The court analyzed prior trial court decisions and some similar, though not identical appellate decisions, looking at issues of foreseeability, privity and public policy. Notably, the court did not consider the decisions of other courts around the country, including plaintiff’s argument that courts in 36 jurisdictions around the country held that the architect owed the general contractor a duty of care. Id. at *5.
Different courts treat the issues of foreseeability, privity and public policy differently — and the Superior Court in Connecticut was not about to arbitrarily decide what non-binding, non-precedential, out-of-state decision(s) it was going to follow.
Instead, the court circled back to other trial court decisions in Connecticut before concluding that the economic loss doctrine does not bar a contractor from suing an architect with whom it has no contractual privity, based on a theory of negligence:
“[This] was a discrete project, with essential reliance among parties who were contractually obligated to work together, albeit without a direct contractual relationship between them. Further, there is something of an agency flavor to the relationship between the architect and the owner/developer — the architect provided direction to the construction contractors as to the work to be done via the plans and drawings, performed inspections and monitoring of work on behalf of the owner/developer, and acted as an intermediary for the owner/developer with respect to certifying that work had been done so as to warrant payment to the plaintiff contractor.
“To the extent that this case involves claims of defective plans and drawings having been prepared by the defendant as the design professional, the contractor as the construction professional is far more likely to identify and seek remediation of such defects than would an owner/developer who is less likely to be aware of technical problems.
“Absent any possible right of the contractor to proceed directly against an architect, a design professional might be tempted to ‘tough it out’ by assuring the owner that there are no such problems, putting a contractor in an untenable position — build with defective plans or refuse to build without corrections made — without any direct legal recourse against the ultimately-responsible party.”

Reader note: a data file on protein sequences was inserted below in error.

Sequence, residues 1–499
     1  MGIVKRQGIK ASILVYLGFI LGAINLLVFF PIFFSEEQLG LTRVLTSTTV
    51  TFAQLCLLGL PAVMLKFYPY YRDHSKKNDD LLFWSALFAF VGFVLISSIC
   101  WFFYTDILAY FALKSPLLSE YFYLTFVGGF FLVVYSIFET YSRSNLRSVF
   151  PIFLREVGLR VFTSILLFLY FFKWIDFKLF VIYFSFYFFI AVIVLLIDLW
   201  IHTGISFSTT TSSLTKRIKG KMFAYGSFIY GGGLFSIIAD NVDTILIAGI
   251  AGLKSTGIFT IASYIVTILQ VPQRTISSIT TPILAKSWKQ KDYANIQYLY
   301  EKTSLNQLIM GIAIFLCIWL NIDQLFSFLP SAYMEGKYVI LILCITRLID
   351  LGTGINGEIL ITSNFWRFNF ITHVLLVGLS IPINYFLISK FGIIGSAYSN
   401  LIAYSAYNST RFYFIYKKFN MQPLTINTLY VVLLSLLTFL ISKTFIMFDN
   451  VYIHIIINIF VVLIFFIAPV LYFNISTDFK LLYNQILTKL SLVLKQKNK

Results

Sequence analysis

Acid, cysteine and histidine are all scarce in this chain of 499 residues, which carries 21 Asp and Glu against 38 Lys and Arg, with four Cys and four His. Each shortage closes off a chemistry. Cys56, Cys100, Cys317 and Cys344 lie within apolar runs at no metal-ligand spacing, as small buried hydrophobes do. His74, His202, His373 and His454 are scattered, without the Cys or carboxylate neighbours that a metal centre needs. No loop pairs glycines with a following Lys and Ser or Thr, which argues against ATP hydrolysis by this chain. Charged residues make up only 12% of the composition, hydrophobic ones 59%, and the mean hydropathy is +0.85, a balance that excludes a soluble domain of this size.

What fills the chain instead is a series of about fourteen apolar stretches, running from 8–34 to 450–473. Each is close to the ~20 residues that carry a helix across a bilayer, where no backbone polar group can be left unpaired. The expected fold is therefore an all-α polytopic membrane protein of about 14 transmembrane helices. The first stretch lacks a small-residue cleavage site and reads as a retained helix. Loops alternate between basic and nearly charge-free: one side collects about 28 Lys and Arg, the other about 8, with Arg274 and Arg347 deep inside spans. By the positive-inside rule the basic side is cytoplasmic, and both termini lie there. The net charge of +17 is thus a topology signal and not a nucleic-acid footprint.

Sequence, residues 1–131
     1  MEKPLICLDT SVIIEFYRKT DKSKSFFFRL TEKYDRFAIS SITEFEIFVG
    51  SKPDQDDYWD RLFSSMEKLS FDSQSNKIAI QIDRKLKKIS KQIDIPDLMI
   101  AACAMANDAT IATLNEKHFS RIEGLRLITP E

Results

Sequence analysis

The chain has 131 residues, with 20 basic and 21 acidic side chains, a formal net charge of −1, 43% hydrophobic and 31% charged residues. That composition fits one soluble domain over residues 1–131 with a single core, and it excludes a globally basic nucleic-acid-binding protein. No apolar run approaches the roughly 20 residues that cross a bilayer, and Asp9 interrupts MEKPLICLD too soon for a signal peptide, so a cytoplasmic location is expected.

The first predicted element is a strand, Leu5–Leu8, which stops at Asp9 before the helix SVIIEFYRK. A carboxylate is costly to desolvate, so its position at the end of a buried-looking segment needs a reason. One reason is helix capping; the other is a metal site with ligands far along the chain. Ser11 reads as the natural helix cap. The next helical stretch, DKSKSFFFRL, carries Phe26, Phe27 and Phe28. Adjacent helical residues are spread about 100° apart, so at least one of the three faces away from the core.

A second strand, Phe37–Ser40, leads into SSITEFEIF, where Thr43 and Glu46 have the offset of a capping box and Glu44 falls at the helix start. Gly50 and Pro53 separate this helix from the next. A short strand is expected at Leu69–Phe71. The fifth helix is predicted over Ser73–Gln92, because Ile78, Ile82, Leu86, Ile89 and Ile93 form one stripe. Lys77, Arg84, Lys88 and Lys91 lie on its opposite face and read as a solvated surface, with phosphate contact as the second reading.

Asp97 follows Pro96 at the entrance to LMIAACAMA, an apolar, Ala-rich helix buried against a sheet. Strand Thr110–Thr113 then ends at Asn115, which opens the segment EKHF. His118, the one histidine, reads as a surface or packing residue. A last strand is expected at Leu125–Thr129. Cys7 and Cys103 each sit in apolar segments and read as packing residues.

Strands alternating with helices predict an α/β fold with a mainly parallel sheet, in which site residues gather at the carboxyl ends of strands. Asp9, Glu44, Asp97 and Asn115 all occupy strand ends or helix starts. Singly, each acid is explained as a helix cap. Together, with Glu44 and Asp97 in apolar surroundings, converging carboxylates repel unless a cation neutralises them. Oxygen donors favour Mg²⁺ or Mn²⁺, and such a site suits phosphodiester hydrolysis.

Thus, based on considerations of foreseeability, privity and public policy, this Connecticut trial court found that the general contractor has a cognizable claim in negligence against the project architect.
As a design professional, it is critical that you understand the economic loss doctrine and its applicability in the state(s) where you practice. The example in Morganti Group is just than — a single example from a trial court in Connecticut. Other state courts have similarly held that a design professional owes a duty of care to a contractor, who has relied upon the design professional’s plans and specifications in performing its construction work, notwithstanding the lack of a contractual relationship between the design professional and contractor.
However, courts in other states have found that the economic loss rule shields the design professional from tort liability for economic losses to entities with whom the design professional has no contractual privity.
In short, the court decisions on this issue are literally “all over the map.” However, now that you are aware of this issue, you can have an educated conversation with your construction attorney, who should be able to help you navigate the uncertain liability landscape of the economic loss rule.